There are particular types of work that are more affected by a hit to consumer spending than others – the gigand tip economies being some of the most notable. Gig and tip workers have volatile earnings, a volatility that is directly related to the demand and discretion of consumers and social distancing measures. Moreover, the pandemic reveals a longstanding challenge for tip workers: Their guaranteed wages are substantially below the minimum hourly wage. Work-specific rebates are the most effective ways to meet the shortages these workers are facing. Currently, the CARES Act provides temporary unemployment assistance to self-employed people, freelancers, and contractors. Here, the CARES Act makes the right steps; however, these steps should apply to a broader group of workers and be retained beyond the pandemic.
Fifth, a new deal provides universal access to healthcare and education, boosts direct support to workers in industries that are exposed to contagion because of their occupational duties, and extends the allowable time for paid family leave.
Workers need compensation that reflects the risks and burdens they take on to meet the needs of society – namely, caregivers, healthcare workers, employees of nonprofits, educators, and other frontline workers. The broader class of occupations that these types of workers fit in are referred to as “public contact” positions or “frontline” workers– these are, those occupations where an employer requires workers to interface with, physically contact, and deal with the public in the performance of their duties. Americans face many barriers to receiving the services provided by these workers. The CARES Act does provide cash payments to some caregivers (e.g., those with children under the age of 16) and offers loans to non-profits under small business provisions. Yet, only 6% of funds are allocated to healthcare and education industries, and loans must be paid back. Moreover, older dependents are not eligible for direct cash.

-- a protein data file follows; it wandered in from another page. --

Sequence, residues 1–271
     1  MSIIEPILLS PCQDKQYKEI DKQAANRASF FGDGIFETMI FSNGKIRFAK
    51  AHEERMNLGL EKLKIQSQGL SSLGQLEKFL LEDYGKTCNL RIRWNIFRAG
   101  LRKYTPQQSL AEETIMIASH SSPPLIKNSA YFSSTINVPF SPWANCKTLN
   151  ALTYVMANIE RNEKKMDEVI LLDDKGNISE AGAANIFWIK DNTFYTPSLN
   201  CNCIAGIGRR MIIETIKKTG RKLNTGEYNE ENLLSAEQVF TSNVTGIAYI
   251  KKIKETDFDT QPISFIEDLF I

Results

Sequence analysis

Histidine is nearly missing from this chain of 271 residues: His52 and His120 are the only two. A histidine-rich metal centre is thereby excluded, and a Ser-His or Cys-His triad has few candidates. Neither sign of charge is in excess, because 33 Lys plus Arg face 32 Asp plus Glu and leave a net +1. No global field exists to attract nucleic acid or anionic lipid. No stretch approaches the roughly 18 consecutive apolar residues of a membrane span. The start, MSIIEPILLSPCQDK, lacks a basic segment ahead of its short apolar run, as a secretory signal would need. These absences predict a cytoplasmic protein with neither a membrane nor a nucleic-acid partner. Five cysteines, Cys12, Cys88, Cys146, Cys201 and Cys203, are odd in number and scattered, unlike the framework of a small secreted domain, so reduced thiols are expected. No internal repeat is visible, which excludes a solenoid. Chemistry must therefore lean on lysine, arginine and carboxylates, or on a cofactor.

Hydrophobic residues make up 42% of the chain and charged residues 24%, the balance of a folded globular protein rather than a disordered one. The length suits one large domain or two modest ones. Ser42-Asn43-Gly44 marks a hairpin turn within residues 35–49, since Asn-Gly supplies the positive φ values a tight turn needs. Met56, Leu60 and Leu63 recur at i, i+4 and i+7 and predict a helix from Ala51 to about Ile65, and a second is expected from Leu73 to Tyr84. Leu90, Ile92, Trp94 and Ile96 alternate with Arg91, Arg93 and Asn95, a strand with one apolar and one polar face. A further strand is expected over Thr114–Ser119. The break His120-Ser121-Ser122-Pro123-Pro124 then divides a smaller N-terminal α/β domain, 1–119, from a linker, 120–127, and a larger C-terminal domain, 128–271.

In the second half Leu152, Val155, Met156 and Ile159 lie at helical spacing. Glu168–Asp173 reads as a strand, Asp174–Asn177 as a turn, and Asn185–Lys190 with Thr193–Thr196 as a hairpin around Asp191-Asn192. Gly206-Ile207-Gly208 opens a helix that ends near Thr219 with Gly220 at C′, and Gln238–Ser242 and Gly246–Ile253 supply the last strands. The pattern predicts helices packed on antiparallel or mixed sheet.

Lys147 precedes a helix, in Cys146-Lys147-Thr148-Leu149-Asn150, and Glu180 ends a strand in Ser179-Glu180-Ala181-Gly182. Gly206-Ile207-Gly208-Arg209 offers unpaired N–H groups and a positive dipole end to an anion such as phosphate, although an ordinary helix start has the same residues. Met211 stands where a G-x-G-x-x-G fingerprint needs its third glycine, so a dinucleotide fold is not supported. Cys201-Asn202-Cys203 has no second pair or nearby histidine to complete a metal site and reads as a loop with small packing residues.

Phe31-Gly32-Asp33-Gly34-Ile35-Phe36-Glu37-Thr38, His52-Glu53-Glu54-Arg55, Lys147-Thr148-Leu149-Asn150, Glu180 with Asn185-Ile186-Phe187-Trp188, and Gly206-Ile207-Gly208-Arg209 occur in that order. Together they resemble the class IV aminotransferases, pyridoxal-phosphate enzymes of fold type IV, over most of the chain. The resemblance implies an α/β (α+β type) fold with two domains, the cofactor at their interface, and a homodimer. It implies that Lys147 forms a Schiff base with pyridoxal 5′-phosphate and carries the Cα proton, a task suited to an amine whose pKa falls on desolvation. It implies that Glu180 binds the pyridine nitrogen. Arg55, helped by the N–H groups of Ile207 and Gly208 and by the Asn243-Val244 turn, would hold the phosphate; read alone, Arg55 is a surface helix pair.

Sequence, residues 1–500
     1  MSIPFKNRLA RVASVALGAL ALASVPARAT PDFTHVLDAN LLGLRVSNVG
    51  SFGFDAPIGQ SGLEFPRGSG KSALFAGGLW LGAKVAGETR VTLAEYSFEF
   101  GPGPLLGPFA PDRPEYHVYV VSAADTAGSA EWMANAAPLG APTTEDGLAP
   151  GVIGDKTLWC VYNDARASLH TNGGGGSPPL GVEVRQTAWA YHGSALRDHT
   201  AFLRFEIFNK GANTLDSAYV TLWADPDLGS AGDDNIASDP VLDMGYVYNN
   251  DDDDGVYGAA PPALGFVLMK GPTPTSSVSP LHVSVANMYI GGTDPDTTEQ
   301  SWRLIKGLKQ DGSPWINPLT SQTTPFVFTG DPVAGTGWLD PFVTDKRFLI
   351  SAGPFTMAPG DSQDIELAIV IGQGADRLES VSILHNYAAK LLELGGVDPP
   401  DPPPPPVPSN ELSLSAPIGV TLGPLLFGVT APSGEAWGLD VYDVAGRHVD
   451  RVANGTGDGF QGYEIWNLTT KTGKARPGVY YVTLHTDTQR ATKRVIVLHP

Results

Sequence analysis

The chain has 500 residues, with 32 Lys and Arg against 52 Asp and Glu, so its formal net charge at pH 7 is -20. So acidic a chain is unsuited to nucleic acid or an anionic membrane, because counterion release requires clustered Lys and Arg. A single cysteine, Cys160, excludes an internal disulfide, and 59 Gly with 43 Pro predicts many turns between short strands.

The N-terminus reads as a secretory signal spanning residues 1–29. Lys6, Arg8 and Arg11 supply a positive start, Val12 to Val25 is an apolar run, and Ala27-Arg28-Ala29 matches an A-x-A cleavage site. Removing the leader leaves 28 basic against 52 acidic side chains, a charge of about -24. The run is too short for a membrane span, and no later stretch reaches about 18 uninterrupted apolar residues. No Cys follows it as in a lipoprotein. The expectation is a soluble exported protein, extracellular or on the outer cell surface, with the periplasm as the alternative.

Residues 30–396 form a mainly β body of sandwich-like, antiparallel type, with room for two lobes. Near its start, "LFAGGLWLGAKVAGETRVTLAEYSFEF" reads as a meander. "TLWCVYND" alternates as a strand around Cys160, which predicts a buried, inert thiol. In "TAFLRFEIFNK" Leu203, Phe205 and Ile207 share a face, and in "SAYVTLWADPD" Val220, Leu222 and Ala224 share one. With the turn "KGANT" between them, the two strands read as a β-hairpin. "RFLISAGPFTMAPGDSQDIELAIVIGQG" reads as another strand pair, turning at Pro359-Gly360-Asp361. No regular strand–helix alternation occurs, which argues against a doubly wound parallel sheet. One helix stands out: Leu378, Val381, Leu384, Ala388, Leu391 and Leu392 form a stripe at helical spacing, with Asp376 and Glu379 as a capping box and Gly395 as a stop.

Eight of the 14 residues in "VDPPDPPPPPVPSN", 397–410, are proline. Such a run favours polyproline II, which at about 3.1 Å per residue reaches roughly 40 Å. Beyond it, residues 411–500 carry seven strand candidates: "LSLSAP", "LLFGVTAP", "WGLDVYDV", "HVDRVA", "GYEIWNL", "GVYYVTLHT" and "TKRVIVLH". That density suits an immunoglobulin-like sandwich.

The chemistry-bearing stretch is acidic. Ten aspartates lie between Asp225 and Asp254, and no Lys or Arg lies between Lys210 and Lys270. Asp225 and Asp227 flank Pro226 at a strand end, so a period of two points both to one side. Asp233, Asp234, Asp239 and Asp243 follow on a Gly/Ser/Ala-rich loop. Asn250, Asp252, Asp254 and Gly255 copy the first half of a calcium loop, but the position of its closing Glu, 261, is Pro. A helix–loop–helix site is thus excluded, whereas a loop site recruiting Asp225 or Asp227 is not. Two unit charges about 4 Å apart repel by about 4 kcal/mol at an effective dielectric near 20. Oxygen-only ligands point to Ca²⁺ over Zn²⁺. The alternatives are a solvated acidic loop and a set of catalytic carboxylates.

In short, our world has changed fundamentally: Serving others is how we will successfully minimize the risk of contagion. We need to rethink the policies that buttress workers. The unemployment allocations of the CARES Act are the policy’s strongest contribution to the average American worker; yet, they make up only 13 percent of the allocated funds. The CARES Act is designed to provide temporary relief as a response to an acute crisis. Meanwhile, the building blocks of the American economy have changed: The service economy has become the new normal. We are more connected, dependent on, and affected by each other than we have ever been. For instance, the travel patterns of 5,000 visitors of one beach in Florida put an even larger swatch of communities at risk once these beach goers returned home from Spring Break. The CARES Act does not quantify the risks posed by serving others, needing social contact, and taking care of those most vulnerable to infection. Americans need a new contract with their government.